They're pretty pictures, but not much else. Contractors
need to have in their hands so-called schematic designs,
drawings that detail every joist, every brick.
A: This project should follow the same timetable as the stadiums: two years of construction, one year of planning.
The new one in Philadelphia, called the Pennsylvania Convention Center, took 24 months to build, and the center is 1.2 million square feet, thousands of feet larger than the expansion planned for Pittsburgh.
If Pittsburgh officials start the design this summer, as promised, ''they can get that done in 2001,'' said Ron Young, the Dick Corp. project manager for the Philadelphia center. ''I don't see a problem with that.''
In most cases, convention centers are easier to build
than stadiums. They feature lots of wide-open spaces.
Complicating matters in Pittsburgh is the expansion,
which contractors will have to build while the rest of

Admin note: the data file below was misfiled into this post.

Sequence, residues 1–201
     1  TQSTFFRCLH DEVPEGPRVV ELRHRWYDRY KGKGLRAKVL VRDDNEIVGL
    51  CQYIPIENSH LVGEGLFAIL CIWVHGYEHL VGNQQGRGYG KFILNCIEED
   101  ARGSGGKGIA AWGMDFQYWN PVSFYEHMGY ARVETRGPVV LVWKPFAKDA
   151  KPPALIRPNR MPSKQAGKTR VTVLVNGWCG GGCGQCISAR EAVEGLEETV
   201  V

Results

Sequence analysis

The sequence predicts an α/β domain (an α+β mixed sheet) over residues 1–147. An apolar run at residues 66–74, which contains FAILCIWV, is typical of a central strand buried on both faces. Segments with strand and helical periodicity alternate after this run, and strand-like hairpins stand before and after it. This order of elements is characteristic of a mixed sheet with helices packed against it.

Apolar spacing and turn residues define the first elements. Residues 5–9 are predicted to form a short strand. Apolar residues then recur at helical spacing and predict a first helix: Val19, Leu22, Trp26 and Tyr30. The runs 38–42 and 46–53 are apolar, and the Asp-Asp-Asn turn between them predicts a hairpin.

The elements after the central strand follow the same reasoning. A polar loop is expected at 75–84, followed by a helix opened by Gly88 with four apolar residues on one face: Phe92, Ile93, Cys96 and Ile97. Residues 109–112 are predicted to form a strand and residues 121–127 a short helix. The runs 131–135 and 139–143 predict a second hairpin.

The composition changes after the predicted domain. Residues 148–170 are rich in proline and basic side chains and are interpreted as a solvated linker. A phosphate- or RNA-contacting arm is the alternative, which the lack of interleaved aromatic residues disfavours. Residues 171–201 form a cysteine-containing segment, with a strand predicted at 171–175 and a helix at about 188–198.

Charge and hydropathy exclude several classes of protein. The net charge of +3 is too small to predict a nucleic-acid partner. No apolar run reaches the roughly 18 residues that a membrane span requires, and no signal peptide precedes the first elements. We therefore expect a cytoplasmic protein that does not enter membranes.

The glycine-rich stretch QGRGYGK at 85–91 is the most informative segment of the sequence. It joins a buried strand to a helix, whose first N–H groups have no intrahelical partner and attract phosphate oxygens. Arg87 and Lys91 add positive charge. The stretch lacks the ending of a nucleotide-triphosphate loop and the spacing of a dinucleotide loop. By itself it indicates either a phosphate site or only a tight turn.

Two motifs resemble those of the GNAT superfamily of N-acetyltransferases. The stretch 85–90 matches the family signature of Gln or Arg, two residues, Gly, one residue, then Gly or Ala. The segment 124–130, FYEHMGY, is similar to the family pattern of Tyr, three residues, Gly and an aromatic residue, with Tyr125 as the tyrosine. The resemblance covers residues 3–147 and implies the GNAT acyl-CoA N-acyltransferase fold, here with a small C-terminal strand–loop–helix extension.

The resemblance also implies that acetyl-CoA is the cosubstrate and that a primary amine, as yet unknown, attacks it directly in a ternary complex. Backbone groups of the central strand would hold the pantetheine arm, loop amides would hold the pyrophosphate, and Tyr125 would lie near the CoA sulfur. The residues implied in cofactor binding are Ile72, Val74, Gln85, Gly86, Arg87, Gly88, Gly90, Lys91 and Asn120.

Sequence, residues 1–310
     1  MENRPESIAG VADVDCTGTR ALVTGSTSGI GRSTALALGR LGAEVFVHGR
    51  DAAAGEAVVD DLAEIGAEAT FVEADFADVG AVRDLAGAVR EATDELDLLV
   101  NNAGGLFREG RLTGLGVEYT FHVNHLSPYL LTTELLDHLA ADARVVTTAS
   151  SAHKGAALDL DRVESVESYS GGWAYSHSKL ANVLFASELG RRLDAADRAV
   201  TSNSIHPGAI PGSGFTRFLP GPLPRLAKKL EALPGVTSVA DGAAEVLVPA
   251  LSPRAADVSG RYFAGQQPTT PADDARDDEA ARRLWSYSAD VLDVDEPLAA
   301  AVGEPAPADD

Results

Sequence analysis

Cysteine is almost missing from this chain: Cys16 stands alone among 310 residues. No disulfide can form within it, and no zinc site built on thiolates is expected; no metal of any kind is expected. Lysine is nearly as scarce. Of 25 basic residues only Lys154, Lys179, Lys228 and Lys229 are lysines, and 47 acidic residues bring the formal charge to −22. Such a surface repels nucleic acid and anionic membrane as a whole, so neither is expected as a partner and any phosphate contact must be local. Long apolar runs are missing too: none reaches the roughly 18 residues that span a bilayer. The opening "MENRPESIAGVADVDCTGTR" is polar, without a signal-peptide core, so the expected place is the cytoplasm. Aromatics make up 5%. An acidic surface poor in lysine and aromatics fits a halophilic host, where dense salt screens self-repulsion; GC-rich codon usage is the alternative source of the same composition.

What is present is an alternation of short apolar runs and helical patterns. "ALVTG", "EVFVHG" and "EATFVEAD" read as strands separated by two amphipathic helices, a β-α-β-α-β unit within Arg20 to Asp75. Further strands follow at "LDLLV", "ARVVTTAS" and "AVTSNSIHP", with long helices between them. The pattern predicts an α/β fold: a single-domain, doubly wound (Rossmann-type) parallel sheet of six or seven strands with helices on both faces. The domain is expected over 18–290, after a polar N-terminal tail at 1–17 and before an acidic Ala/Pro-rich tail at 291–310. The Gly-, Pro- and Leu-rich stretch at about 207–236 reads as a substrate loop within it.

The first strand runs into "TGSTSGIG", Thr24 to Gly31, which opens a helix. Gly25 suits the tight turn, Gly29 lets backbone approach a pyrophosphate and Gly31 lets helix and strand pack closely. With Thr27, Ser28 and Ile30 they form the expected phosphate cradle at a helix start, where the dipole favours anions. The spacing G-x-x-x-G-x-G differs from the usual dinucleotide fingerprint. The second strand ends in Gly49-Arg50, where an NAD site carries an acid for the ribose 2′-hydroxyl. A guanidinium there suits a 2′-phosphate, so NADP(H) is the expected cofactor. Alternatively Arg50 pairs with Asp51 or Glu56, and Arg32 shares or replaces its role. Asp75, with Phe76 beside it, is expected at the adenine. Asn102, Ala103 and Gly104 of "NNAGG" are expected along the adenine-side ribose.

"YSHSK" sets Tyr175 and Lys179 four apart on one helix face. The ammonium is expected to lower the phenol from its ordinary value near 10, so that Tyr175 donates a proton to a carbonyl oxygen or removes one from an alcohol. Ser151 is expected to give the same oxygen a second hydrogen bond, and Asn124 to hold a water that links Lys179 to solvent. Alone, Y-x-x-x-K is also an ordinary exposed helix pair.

the convention center stays in business.
A: Bet on it. ''Would you want to be the contractor responsible for Pirates not opening in April 2001?'' said Dean Mosites, vice president with Mosites Construction Co., another firm interested in the two stadium projects.
The strategy is no different for a large department store or a new headquarters, experts said.
''If everything is planned correctly and materials hit the job site at the right time, the construction will be the easiest part of all this,'' Steeb said.
Think of it this way. The Empire State Building, one of the world's largest skyscrapers, went from dirt to spire in 13 months.
Some expect the ballpark contractor to have 20 months, tops.
''Time is beginning to get short,'' Steeb said.
The firm that gets the job will probably have to abandon the traditional design-bid-build method, which separates the architectural process from the contracting.